Friday, May 27, 2011

Let the Stupid Rats Die. For Science. You Monster.

Clear-headedness under pressure.  It's a skill that should come in handy if I ever find myself in a life-or-death situation where I need to keep my wits about me to survive.  Am I driving a FWD, RWD or 4WD car?  That will be key to knowing how to regain control of the vehicle and not slide off the cliff into the canyon below.  Will water extinguish this fire, or cause an explosion?  Should I put my hands out to stop my fall, attempt to roll with it or take the full force of the fall on my stomach so as protect my head?

That last one is a real situation I found myself in where I did indeed take the fall on my stomach.  With a metal bar acting as the delivery system.  I couldn't roll with the fall and putting my hands out would have catapulted me off a ledge and onto my head.  The stomach option was very painful, but I take pride in the notion that it was actually the smart choice.  The details mattered.  In the best games, the details matter, because then my decisions have meaning, and I have a chance to develop this crucial survival trait that I may need some day.

Portal 2 is Well-Designed
I've played through Portal 2's single-player campaign, and the co-operative campaign with my wife, and I've just played through the single-player again with the developer's commentary enabled.  The  game's developers, Valve, are big into testing-based design.  That means that they get a bunch of playtesters to go through their game and they observe where the testers get stuck, what's fun for them, what's frustrating, and what just goes completely ignored.

It's a great tool in game design.  I remember wandering around old Doom levels for ages just trying to find the right key-card or door.  It was that sort of thing that made me give up the game after a while.  Test-based design, when utilised well, does wonders to correct problems like this.  Valve in particular is pretty good at pointing you in the right direction so you don't get lost in levels that are essentially linear.  Of course, this is a little too frequently expressed in the form of an arrow painted on the wall, literally pointing you in the right direction.  Baby steps.  At least they're addressing the issue.

Just like this one.

Portal 2 has been tested and honed to a tee, and the "drawing arrows on walls" problem is ameliorated somewhat by the fact that the entire setting places the player in a metaphor as a rat in a maze, with an omnipotent, indifferent scientist observing and manipulating their every move.  The controlling AI, GLaDOS, can reconfigure the entire facility to reroute you to where she wants you to be, so the sense of being railroaded into a particular course is perfectly sensible, and not at all immersion-breaking.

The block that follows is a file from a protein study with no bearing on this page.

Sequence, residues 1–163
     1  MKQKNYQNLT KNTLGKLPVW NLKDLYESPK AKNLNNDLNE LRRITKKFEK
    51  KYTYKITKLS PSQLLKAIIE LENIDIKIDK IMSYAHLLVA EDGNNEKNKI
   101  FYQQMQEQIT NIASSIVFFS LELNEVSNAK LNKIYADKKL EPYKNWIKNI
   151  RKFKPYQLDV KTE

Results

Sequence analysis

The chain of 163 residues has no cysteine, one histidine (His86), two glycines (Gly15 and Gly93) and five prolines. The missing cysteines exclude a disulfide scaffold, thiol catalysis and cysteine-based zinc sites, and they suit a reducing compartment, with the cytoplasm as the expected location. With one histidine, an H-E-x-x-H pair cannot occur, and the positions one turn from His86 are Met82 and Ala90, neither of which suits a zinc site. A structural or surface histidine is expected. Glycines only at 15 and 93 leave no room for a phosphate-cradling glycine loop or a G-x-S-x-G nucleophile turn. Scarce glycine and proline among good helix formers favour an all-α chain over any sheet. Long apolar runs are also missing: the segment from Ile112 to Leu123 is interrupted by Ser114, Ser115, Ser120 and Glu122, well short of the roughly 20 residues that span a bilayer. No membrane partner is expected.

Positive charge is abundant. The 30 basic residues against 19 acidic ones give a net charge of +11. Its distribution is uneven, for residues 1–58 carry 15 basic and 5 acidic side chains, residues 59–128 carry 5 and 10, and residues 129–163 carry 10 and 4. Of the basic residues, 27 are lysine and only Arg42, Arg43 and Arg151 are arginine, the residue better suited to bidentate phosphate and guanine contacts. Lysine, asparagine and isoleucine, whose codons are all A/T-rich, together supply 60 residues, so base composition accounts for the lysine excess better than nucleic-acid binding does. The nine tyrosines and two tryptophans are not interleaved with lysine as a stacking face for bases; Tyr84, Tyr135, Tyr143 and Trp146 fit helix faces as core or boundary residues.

Reconfigure the Phlebotinum Field!
Anyway, this all brings me to the developer's comment that inspired this post (don't worry, no spoilers):
In this excursion funnel ride, playtesters would often end up shooting the wrong Portal at the critical moment and killing themselves.  This ruined the moment for players who often didn't quite understand why their excursion funnel hadn't been redirected.  As a solution, we now detect when the player places the wrong portal in hopes of saving themselves.  We help them out by moving their other portal under the excursion funnel source.  This effectively makes this section foolproof by allowing the player to shoot either portal to save themselves.
You don't really need to know what an excursion funnel is.  Replace every instance of the term with "[phlebotinum]" and the quote can still be understood enough to get the gist.  Basically, [phlebotinum] is needed to succeed.  The player has control of two portals and to correctly succeed, they must use the correct portal to manipulate the [phlebotinum].  If they use the incorrect portal the [phlebotinum] disappears and they fail.  Incorrectly.

Okay, fine, this is an excursion funnel.

The thing is, the [phlebotinum] can be anything.  It can be a "hard-light bridge", paint, the player, a box, even the player's point-of-view.  It's often a slightly more abstract concept like velocity or rotation.  Usually several of these must be manipulated at once.  This is the essence of the game - manipulate thing with portal placement.  The excursion funnel is just the newest addition to the roster of things that can be manipulated.

Throughout the entire game the player is trained to solve puzzles by placing portals.  One lesson they should have learned by this point, very near the end of the game, is that if they shoot the wrong portal at the wrong moment it can ruin their day.  I developed a habit of making a quick mental note every time I placed a portal: "Orange portal is at [phlebotinum] source; therefore blue portal delivers [phlebotinum] to destination."  "Orange portal has been placed at [phlebotinum] destination; therefore blue portal must be placed at [phlebotinum] source."  "Blue portal is at point A; orange portal is at [phlebotinum] source; [phlebotinum] is now at point A; move orange portal to [phlebotinum] destination."  It can get quite complicated if you're not on the ball.